Leading risk modeller RMS today announced the introduction of a new range of ‘cyber-physical’ models to help property re/insurers manage and understand the growing risk of cyber attack scenarios that could lead to physical damage to property.
The model’s focus is on attacks against I.T. (information technology systems) that are intended to inflict physical damage to property.
Dr. Andrew Coburn, RMS senior vice president, emerging risks, said; “In the past two years, we have seen attacks that have damaged industrial plants, shut down building control systems, and caused power grid failures – all achieved by hackers targeting control systems that are linked to the internet.”
RMS said this risk poses an urgent and systemic threat across re/insurance portfolios, as multiple business sectors are expected to be impacted, and property re/insurers haven’t yet caught up with policy and pricing updates.
The risk modeller admonished the industry to take a more holistic view on cyber risk, seeing it as a risk that corresponds with and impacts all other insured threats, not as an isolated and specialised risk; “It is now a peril that can cause losses in traditional property insurance policies which are either ambiguous or silent about whether they will pay out for cyber-triggered losses,” said RMS.
“Insurers have begun to understand the risk of cyber-attacks on information technology (I.T.) systems, for example financial theft, data extraction and cyber-extortion. But with the rise of the Internet of Things, more devices are connected to computer networks which opens up new vulnerabilities for hackers to exploit. They can target operational technology, and thus the essential fabric of any business – even its bricks and mortar,” Dr. Coburn added.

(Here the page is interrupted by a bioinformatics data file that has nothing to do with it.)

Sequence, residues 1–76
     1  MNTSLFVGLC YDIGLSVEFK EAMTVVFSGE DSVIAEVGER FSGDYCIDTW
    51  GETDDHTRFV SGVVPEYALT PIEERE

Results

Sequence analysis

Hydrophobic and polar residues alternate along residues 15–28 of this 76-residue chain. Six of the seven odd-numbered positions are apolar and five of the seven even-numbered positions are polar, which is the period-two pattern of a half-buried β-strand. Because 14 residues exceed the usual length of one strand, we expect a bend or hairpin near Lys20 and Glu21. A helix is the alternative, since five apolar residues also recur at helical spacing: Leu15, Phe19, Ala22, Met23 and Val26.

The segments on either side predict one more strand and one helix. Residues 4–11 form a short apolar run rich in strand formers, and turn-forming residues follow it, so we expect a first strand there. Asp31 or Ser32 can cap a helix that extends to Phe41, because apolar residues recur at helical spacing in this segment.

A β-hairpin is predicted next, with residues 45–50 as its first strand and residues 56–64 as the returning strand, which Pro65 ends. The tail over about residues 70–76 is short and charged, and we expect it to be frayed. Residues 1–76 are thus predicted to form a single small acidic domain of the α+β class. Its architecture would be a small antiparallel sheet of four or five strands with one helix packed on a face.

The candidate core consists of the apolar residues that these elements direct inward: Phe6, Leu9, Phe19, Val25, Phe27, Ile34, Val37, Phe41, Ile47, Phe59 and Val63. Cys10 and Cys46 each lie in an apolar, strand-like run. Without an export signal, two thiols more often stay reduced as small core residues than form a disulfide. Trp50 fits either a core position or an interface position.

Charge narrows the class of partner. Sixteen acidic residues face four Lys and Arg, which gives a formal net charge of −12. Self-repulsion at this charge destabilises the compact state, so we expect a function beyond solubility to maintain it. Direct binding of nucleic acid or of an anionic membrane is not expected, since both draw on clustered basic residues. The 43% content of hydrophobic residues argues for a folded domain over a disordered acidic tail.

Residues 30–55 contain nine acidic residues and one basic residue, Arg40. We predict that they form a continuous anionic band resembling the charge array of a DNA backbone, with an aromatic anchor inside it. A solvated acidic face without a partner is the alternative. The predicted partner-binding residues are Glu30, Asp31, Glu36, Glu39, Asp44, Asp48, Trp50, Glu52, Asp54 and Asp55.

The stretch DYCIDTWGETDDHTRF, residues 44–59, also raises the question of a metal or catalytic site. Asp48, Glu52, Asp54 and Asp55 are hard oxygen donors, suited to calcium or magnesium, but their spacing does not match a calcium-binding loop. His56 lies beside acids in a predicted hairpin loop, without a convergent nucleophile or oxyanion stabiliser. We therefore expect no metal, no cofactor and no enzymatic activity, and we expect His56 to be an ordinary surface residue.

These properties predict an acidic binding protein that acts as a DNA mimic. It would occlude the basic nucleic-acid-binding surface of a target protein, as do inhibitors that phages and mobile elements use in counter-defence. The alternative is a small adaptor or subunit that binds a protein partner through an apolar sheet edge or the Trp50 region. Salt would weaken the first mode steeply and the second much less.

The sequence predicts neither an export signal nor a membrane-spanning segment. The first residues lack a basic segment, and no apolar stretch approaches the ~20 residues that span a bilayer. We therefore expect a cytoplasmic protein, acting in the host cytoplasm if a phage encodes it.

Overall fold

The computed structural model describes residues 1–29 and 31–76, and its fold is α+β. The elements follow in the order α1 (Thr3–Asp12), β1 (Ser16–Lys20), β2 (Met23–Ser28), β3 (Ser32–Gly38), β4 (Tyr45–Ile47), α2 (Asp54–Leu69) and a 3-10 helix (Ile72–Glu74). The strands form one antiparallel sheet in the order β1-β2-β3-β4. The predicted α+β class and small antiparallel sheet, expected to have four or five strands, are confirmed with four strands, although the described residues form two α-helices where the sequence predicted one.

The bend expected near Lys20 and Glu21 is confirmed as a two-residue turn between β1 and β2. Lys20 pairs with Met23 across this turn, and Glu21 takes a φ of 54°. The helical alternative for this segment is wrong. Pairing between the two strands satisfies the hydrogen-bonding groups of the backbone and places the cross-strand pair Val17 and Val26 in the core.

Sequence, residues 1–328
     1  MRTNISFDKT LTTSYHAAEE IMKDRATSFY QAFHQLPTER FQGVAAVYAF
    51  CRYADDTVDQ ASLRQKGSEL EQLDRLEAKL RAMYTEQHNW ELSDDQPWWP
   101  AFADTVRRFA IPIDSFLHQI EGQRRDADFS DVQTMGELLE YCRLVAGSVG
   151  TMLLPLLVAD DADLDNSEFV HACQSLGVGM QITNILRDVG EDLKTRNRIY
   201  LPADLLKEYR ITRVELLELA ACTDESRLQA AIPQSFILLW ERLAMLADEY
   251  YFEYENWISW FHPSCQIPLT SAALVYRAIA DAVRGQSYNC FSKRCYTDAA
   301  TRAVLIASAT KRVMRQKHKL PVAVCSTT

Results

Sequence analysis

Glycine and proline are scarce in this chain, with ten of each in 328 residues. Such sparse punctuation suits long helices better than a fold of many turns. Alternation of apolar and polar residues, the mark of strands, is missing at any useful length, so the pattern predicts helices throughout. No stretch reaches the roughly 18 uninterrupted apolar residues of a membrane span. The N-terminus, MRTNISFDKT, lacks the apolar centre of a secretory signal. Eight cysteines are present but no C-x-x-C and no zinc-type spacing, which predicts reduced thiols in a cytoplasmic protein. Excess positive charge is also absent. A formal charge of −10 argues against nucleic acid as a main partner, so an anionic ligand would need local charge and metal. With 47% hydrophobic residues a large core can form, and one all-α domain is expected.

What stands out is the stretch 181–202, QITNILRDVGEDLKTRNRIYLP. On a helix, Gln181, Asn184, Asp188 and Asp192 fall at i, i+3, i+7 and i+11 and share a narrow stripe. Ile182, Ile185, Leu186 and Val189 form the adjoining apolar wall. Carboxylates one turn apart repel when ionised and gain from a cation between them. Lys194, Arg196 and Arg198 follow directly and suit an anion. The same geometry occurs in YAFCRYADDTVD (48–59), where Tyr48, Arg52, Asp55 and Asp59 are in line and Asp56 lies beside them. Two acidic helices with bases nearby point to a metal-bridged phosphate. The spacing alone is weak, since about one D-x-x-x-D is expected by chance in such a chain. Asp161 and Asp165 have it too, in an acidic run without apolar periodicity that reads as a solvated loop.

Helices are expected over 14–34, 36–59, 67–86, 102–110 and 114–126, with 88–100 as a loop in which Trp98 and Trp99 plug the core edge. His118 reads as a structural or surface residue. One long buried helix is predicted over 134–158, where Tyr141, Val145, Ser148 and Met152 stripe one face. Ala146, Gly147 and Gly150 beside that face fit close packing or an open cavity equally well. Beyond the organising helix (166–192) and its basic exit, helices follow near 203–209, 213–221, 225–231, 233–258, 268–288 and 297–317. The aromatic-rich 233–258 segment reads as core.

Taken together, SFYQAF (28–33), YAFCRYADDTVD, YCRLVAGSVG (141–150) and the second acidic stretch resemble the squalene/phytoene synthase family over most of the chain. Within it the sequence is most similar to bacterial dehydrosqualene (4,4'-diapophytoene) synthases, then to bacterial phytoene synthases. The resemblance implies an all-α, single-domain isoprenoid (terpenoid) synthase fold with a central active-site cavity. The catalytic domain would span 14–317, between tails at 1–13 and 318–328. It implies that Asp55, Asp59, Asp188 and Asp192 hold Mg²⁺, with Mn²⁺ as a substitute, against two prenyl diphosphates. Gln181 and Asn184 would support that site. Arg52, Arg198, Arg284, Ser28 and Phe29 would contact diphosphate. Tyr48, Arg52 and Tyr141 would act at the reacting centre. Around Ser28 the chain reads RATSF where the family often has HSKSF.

Commercial property, marine, energy, industrial and facultative facilities are sectors believed to be most vulnerable to cyber-physical attacks, but RMS said re/insurers needed help with identifying additional “silent” cyber-physical risk exposures as the risk emerges faster than the industry’s evolved.
RMS’s new Cyber Accumulation Management System identifies silent exposures through analysis of five new risk scenarios including cyber-induced fires in commercial office buildings and triggered fire in industrial processing plants – in both scenarios hackers manipulate laptops or heat-sensitive devices like thermostats into overheating and causing a fire.
The additional risk scenarios added to RMS’s arsenal involve regional power grid outages after an attack on control systems of power-generating companies; triggered explosions on oil rigs – as hackers manipulating network operations centre controls can result in structural misalignment of well heads; and cyber-enabled marine cargo theft from a port – port management systems are highly computerized and therefore highly vulnerable to malware disruption.
RMS said the new class of cyber-physical model’s scenarios are based on detailed technical analysis of vulnerabilities, possible attack vectors, and potential insurance payouts.